Martin Prado has been sidelined since June 14 with a right shoulder sprain, but Marlins manager Dan Jennings told Clark Spencer of the Miami Herald this afternoon that he could be activated for tomorrow’s first-half finale against the Reds.
Prado has gone 3-for-8 over two minor league rehab games with High-A Jupiter. While there’s a chance he’ll be in the lineup tomorrow, the Marlins could play things safe and have him come back when they begin the second half of the season next Friday against the Phillies.
Prado, 31, was batting .272/.311/.370 with four home runs and 24 RBI over 63 games prior to the injury. He could appear to be a logical trade candidate leading up to July 31, but the Marlins have been resistant to that idea so far. Prado is under contract for $11 million next season, with the Yankees picking up $3 million.
On Sunday, we learned that while the Nationals would continue to pay their minor leaguers throughout the month of June, their weekly stipend would be lowered by 25 percent, from $400 to $300. In an incredible act of solidarity, Nationals reliever Sean Doolittle and his teammates put out a statement, saying they would be covering the missing $100 from the stipends.
After receiving some criticism, the Nationals reversed course, agreeing to pay their minor leaguers their full $400 weekly stipend.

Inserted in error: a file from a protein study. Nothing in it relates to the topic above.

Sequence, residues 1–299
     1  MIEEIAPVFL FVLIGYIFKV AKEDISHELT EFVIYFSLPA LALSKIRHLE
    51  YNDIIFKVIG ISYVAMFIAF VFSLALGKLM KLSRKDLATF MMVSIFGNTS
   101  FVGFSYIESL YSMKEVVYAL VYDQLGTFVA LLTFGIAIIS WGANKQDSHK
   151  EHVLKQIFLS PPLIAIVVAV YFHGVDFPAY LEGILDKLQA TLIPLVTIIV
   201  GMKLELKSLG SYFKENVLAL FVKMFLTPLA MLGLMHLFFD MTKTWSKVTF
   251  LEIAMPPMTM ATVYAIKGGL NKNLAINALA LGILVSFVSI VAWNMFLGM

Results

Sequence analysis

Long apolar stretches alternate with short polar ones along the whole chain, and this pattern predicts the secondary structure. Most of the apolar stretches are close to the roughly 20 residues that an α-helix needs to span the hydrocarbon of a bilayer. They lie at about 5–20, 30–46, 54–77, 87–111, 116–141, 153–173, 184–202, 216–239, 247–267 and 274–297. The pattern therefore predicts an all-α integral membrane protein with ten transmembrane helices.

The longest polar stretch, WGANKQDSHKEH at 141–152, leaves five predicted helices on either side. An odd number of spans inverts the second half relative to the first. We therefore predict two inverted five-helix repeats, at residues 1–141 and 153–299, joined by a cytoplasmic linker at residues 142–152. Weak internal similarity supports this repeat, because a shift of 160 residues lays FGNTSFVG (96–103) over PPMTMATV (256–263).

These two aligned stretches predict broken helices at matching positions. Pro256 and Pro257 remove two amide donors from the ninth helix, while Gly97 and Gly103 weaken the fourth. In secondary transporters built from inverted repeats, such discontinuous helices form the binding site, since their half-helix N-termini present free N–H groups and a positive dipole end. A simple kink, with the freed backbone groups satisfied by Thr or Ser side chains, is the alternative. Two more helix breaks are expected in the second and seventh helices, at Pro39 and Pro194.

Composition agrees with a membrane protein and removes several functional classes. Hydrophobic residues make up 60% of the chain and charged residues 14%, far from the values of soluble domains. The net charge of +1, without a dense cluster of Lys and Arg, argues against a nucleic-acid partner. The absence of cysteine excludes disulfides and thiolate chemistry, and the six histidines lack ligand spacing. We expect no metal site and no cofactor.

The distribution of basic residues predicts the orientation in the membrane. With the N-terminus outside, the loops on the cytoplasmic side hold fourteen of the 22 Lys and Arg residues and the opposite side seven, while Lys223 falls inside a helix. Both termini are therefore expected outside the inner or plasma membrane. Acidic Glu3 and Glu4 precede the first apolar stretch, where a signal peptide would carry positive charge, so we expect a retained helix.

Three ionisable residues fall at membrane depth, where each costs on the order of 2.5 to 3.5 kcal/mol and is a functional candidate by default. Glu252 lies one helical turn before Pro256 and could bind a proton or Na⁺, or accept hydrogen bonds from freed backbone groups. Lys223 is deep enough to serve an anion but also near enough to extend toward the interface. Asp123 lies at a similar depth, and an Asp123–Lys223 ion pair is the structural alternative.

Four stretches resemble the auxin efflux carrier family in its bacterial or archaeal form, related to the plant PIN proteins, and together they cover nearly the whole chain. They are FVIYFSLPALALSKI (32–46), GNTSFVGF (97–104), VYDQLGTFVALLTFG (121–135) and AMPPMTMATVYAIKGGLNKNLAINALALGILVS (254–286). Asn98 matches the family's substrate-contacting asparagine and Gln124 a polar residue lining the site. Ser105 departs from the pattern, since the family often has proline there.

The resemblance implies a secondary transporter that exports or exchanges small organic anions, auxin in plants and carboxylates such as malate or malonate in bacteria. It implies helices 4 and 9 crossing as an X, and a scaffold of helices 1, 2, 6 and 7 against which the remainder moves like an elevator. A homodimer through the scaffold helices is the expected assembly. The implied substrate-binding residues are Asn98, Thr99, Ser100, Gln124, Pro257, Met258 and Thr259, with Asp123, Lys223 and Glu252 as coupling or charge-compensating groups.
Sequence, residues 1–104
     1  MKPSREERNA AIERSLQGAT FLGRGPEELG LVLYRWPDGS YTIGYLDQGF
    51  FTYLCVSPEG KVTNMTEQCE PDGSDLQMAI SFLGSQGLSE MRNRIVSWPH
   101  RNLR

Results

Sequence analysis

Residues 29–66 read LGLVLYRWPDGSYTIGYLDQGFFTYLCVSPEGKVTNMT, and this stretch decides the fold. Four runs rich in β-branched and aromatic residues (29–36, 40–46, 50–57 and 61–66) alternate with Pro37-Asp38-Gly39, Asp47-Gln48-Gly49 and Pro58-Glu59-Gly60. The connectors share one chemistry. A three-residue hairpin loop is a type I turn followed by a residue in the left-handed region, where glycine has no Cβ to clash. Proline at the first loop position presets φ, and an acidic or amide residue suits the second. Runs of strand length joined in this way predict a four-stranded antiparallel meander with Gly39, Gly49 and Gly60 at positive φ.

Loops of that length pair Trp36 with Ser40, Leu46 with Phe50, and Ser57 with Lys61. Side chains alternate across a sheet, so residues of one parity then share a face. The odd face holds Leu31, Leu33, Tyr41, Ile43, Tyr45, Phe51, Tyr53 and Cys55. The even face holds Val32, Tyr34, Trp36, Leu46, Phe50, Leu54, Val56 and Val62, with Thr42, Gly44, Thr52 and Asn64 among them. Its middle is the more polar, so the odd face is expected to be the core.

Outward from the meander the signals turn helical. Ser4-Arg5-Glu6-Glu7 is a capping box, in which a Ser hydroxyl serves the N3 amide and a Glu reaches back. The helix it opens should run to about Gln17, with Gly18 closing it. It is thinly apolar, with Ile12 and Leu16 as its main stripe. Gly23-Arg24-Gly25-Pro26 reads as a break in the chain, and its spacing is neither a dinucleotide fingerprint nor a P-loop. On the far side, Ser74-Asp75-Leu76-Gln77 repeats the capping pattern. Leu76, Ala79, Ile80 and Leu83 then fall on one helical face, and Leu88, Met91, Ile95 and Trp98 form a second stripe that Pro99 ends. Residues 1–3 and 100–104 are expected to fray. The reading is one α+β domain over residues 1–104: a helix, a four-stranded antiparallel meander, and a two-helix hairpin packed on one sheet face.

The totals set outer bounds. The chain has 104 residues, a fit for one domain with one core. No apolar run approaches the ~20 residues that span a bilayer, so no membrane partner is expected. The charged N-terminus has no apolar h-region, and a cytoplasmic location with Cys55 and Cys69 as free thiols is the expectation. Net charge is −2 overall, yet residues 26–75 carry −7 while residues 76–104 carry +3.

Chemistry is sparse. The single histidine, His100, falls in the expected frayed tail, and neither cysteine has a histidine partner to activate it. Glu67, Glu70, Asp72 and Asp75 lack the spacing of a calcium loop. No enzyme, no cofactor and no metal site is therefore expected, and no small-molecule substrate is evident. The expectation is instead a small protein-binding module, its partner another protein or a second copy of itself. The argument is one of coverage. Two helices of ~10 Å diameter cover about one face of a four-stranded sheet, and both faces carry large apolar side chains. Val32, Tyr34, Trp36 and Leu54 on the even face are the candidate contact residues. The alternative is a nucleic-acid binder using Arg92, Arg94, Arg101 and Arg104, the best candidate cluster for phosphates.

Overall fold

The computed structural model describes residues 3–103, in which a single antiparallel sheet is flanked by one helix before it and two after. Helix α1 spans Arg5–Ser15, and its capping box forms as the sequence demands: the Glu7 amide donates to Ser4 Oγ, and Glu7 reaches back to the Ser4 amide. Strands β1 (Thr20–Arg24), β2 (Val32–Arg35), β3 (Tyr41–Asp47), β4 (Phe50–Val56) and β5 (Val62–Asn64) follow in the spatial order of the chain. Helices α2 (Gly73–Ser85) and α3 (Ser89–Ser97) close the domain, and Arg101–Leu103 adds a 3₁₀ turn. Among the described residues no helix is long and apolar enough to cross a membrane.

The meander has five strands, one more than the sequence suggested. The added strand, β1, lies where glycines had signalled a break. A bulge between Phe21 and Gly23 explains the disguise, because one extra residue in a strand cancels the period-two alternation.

Doolittle and co. have not withdrawn their generosity. On Wednesday, Doolittle released another statement, saying that he and his major league teammates would continue to offer financial assistance to Nationals minor leaguers through the non-profit organization More Than Baseball.
The full statement:
Washington Nationals players were excited to learn that our minor leaguers will continue receiving their full stipends. We are grateful that efforts have been made to restore their pay during these challenging times.
We remain committed to supporting them. Nationals players are partnering with More Than Baseball to contribute funds that will offer further assistance and financial support to any minor leaguers who were in the Nationals organization as of March 1.
We’ll continue to stand with them as we look forward to resuming our 2020 MLB season.
Kudos to Doolittle and the other Nationals continuing to offer a helping hand in a trying time. The players shouldn’t have to subsidize their employers’ labor expenses, but that is the world we live in today.